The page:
DOJ Offers Special Principal Examination System for Mar-a-Lago Documents


Lawyers for former President Donald Trump signaled Monday that they object to having to immediately disclose the declassification related to the Mar-a-Lago documents under the special procedure ordered by a federal judge this month.

In a letter to U.S. District Judge Raymond Dearie, who was asked to serve as an independent third party to review documents seized by the FBI during a search of the former president’s residence and compound, attorneys of Trump referred to a non-public draft plan for the review. which Dearie circulated among the parties ahead of a status conference scheduled for Tuesday.

The draft plan, according to Trump’s letter, “requires the plaintiff to disclose specific information regarding the declassification to the Court and the government.”

“We respectfully submit that the time and place of the affidavits or statements would be related to a motion under Rule 41 which specifically alleges declassification as part of its argument for the return of property,” the court said. letter, referring to a type of petition that can be filed requesting the return of property illegally seized during a search.

“Otherwise, the Special Master’s process will have forced the plaintiff to fully and specifically disclose a defense to the merits of any subsequent indictment without such a requirement being evident in the district court order,” the letter continued. of the Trump team.

In her ruling denying prosecutors’ request for a stay last week, Judge Aileen Cannon ordered that the special main examination – conducted by Dearie and involving approximately 11,000 documents – be completed by the end of November. The pretrial conference is scheduled in front of Dearie on Tuesday at the federal courthouse in Brooklyn, New York.

In their filing, the former president’s attorneys also raised concerns about the draft plan’s apparent proposal to have the Rule 41 motions heard in the case before U.S. Magistrate Judge Bruce Reinhart, Judge who approved the FBI search warrant. Trump’s attorneys argued that Cannon, a Trump appointee who appointed the special master, intended for this litigation to proceed through the special master process, with Dearie’s recommendations ultimately reported to him.

Trump’s lawyers, in their letter to Dearie, also suggested pushing back some of the tentative deadlines set out in the draft plan.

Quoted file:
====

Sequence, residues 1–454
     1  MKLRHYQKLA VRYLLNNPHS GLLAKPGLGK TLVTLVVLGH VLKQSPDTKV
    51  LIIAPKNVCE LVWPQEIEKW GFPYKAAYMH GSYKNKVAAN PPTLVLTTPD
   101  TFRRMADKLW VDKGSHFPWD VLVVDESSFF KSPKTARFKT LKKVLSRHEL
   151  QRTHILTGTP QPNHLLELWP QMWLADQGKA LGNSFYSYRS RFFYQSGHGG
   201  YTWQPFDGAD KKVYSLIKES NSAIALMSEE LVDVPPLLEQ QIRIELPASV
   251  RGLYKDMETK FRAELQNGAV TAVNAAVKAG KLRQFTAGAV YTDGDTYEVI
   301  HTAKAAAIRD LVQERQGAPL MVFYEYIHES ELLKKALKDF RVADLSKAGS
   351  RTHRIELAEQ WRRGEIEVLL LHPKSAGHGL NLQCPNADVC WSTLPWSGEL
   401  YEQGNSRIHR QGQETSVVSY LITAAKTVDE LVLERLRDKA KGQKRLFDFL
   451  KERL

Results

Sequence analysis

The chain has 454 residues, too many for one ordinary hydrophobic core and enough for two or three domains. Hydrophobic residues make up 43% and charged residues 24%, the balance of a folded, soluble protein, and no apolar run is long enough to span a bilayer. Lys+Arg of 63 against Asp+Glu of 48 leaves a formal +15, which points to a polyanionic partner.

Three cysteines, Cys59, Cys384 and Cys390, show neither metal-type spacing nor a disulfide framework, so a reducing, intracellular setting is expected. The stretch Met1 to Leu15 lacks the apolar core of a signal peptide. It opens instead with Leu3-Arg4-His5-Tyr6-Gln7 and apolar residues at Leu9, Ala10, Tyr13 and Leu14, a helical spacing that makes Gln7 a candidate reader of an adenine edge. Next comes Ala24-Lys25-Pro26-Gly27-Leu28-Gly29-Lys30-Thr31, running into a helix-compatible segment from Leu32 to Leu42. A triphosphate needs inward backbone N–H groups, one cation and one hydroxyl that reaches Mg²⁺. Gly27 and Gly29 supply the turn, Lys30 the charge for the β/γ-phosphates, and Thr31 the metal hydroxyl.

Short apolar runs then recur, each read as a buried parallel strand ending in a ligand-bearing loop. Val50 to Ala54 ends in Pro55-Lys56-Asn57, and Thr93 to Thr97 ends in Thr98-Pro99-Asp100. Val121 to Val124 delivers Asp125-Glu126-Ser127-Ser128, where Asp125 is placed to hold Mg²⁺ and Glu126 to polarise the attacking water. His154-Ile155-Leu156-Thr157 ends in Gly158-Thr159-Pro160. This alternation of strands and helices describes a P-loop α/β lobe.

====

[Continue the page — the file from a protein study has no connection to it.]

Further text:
“While we have concerns about the inclusion of two aspects in the draft plan (timing of any declassification disclosures and briefing regarding return to the issuing magistrate), we are otherwise generally in agreement with the sequencing proposed by Your Honor, but suggest addressing potential delays at tomorrow’s status conference,” Trump’s attorneys wrote.

In a separate filing on Monday, the Justice Department proposed a system for the special master to review documents seized from Trump’s Palm Beach residence and compound.

In order for the Trump team and prosecutors to assess the evidence at the same time, prosecutors suggested in the filing that the documents be uploaded to a third-party online platform.

The Justice Department suggested the third-party vendor “distribute” the documents as they are scanned to prosecutors and Trump’s defense team. Lawyers should plan to sort through about 500 documents each business day, the DOJ said.

At the start of the review, prosecutors suggested that Dearie hold “weekly reviews” with both sides to “resolve issues and ensure the review process runs smoothly.”

The department also said it would propose a protective order for Cannon’s approval, which makes leaking details of the seized collection subject to contempt of court “or such other legally available sanction as the Court deems appropriate.” .

In its filing, the DOJ noted that if the United States Court of Appeals for the 11th Circuit grants its request to block portions of Cannon’s order requiring a special master, Dearie would not be allowed to review the more than 100 documents marked classified.

“If the Eleventh Circuit does not suspend review of documents with classification marks, the government will propose a way forward,” prosecutors wrote in the filing.

This story was updated with additional developments on Monday.

Comments are closed.